Yorktown in York County, Virginia — The American South (Mid-Atlantic)
Marquis de Lafayette and His Division
1781 Siege of Yorktown
—Colonial National Historical Park —
“Here we are at last … before Yorktown, and our operations will soon be noisy.”
Marquis de Lafayette, Camp before Yorktown, September 30, 1781
In April 1781, with a developing British military campaign in Virginia, Washington sent the Marquis de Lafayette, with a detachment of troops, to protect the state. At age 23, Lafayette was the youngest of the major generals in the Continental Army.
Always outnumbered by the British, Lafayette occasionally sparred with the enemy, while keeping Washington, who was in New York, informed of the war in Virginia. When Cornwallis moved his army to Yorktown, Lafayette provided Washington with accurate military intelligence that helped Washington plan for the siege as he moved his forces southward to join Lafayette.
On September 14, 1781, Washington reached Williamsburg, where Lafayette and his small army waited. With the arrival of the rest of the American and French forces, Washington consolidated Lafayette’s regiments into his army and placed Lafayette in command of a division of the Continental Army.
During the siege, Lafayette’s soldiers spent most of their time assisting with earthwork construction and manning the trenches. He was particularly proud of his light infantry troops, when on the night of October 14, they successfully stormed
With the British surrender, Lafayette wrote his wife, “I would be finicky indeed if I were not pleased with the end of my campaign in Virginia.”
Erected by Colonial National Historical Park, National Park Service.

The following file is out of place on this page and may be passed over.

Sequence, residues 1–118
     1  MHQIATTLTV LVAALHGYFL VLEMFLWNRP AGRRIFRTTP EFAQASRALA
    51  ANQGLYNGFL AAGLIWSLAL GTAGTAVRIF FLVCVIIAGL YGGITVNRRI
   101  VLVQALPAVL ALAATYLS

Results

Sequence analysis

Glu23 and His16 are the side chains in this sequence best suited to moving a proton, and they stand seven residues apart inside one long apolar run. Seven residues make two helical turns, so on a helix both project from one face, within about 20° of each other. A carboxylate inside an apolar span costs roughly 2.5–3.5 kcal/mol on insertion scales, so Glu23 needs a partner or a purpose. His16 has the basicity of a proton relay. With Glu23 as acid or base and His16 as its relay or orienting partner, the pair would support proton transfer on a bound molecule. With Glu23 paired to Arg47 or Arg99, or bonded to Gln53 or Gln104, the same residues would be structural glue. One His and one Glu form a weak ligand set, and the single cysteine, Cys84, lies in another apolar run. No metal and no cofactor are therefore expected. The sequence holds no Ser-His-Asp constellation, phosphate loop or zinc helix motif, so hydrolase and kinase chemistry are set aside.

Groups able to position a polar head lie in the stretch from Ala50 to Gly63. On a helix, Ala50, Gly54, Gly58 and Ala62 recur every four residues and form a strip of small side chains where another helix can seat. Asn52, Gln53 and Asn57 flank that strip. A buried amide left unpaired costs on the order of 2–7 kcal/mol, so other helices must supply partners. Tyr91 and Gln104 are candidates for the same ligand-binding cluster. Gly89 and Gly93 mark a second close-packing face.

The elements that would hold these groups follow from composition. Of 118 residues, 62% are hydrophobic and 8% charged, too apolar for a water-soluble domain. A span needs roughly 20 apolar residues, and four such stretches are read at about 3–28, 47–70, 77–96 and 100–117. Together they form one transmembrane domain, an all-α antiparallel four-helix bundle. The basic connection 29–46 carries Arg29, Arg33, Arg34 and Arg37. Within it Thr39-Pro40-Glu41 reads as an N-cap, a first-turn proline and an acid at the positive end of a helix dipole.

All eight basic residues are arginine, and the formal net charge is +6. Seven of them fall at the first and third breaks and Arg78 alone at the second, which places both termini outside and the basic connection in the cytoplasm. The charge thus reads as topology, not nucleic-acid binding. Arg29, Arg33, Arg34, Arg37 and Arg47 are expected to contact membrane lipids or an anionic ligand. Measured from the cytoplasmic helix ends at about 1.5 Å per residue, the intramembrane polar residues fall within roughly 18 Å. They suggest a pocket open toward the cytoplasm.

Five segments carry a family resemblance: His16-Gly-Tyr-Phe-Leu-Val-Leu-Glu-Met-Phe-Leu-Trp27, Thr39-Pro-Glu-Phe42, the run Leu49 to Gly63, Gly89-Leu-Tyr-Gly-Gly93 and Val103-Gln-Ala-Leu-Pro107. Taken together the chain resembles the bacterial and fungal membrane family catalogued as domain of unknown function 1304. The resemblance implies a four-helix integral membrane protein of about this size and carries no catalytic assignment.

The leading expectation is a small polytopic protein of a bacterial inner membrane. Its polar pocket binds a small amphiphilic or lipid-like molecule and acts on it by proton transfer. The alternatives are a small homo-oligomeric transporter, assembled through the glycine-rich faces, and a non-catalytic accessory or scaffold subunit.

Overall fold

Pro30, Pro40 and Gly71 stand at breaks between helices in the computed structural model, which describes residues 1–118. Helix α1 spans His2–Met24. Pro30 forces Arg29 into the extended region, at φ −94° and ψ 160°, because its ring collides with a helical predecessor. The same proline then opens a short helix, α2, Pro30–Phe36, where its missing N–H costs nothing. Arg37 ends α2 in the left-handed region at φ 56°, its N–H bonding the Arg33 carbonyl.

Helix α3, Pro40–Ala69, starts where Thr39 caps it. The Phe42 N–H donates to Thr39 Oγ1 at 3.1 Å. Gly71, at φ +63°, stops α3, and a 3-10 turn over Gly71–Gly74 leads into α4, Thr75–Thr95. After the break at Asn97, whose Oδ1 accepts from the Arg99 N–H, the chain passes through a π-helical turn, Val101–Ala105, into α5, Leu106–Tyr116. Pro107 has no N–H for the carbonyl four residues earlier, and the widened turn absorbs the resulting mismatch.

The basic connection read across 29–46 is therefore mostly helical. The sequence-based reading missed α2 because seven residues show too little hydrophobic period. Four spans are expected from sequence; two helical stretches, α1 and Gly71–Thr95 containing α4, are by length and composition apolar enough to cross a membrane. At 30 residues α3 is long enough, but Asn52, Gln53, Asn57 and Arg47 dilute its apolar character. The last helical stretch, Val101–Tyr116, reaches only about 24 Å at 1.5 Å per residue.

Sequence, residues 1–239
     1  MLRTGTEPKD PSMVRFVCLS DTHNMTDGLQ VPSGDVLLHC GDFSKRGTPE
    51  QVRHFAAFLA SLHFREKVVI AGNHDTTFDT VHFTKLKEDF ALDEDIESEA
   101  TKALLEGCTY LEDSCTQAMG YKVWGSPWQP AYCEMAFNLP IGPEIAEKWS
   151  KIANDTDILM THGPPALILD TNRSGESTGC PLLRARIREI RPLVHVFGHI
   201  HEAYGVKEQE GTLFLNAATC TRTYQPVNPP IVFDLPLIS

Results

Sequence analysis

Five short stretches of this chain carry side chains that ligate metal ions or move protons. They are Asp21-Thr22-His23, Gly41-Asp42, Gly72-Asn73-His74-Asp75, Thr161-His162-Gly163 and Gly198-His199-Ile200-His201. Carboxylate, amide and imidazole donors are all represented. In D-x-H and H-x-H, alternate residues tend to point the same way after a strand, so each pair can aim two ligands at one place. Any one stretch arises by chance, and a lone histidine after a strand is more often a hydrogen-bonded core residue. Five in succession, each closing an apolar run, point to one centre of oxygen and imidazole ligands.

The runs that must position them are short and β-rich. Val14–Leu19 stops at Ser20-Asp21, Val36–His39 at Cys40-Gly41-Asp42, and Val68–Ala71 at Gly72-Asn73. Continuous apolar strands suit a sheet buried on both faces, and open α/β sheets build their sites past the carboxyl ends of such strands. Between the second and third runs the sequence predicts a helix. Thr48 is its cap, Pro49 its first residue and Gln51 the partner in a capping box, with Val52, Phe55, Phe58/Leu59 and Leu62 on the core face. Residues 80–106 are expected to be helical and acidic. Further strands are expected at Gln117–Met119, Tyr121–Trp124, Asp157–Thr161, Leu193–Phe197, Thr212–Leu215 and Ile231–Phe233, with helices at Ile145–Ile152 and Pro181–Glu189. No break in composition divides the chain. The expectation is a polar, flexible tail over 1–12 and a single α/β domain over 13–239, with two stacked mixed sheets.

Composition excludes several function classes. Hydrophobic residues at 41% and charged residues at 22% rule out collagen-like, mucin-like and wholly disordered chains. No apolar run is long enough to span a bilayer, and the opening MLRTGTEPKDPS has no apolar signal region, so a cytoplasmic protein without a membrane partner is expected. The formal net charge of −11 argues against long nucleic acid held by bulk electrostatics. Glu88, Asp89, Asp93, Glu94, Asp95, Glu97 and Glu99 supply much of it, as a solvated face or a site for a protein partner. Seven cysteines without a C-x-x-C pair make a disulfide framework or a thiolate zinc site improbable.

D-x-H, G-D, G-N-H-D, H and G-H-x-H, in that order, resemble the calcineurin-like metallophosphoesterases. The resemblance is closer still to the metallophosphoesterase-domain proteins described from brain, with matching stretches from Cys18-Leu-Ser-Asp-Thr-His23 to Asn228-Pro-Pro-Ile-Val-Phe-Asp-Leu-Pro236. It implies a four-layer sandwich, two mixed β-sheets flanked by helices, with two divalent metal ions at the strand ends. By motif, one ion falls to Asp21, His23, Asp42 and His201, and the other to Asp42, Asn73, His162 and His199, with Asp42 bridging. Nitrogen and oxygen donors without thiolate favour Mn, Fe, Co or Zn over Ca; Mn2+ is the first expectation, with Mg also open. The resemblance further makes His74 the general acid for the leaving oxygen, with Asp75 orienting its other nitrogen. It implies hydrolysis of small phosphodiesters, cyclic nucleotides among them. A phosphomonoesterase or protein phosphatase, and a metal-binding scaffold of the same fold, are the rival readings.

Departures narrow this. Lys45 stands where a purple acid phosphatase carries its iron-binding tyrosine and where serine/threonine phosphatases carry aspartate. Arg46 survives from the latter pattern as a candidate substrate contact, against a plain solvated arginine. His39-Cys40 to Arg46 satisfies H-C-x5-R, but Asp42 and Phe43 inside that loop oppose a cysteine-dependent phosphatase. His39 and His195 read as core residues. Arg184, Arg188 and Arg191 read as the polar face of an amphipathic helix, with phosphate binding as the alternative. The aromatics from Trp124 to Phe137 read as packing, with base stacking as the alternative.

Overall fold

Location. 37° 12.524′ N, 76° 29.914′ W. Marker is in Yorktown, Virginia, in York County. Marker is on Historical Tour Road, on the right when traveling west. Touch for map. Marker is located on the Yorktown Battlefield in Colonial National Historical Park, on the Battlefield Tour. Marker is in this post office area: Yorktown VA 23690, United States of America.
Other nearby markers. At least 8 other markers are within walking distance of this marker. American Field Hospital (about 300 feet away, measured in a direct line); Virginia Militia (about 600 feet away); Major General Benjamin Lincoln and His Division (approx. ¼ mile away); Surrender Road (approx. ¼ mile away); Brotherhood Preserved (approx. 0.3 miles away); News of Victory (approx. 0.3 miles away); In Solemn Step (approx. 0.4 miles away); Surrender Field (approx. 0.4 miles away). Touch for a list and map of all markers in Yorktown.
More about this marker. The left of the marker contains a portrait of the Marquis de Lafayette with the caption “Marie Joseph Paul Yves Roch Gilbert Motier, Marquis De Lafayette by Charles Willson Peale, after Charles Willson Peale, 1779-1780. Courtesy of Independence National Historical Park.”
The right side of the marker features a picture of a soldier from Lafayette’s Canadian Regiment. The caption reads “The Canadian Regiment, comprised primarily of men from Canada and Pennsylvania, was commanded by Colonel Moses Hazen. This unit provided approximately 200 of the 1,500 soldiers that comprised Lafayette’s Division at the siege. Courtesy of the Anne S.K. Brown Military Collection, Brown University.”
Also see . . .
1. Marquis de Lafayette, Yorktown Battlefield. National Park Service. (Submitted on September 4, 2008, by Bill Coughlin of North Arlington, New Jersey.)
2. The Battle of Yorktown. The Patriot Resource website. (Submitted on September 4, 2008, by Bill Coughlin of North Arlington, New Jersey.)
3. The Battle of Yorktown 1781. A British perspective of the Battle of Yorktown from BritishBattles.com. (Submitted on September 4, 2008, by Bill Coughlin of North Arlington, New Jersey.)
Categories. • Notable Events • Notable Places • War, US Revolutionary •
Credits. This page was last revised on June 16, 2016. This page originally submitted on September 4, 2008, by Bill Coughlin of North Arlington, New Jersey. This page has been viewed 771 times since then. Photos: 1, 2. submitted on September 4, 2008, by Bill Coughlin of North Arlington, New Jersey.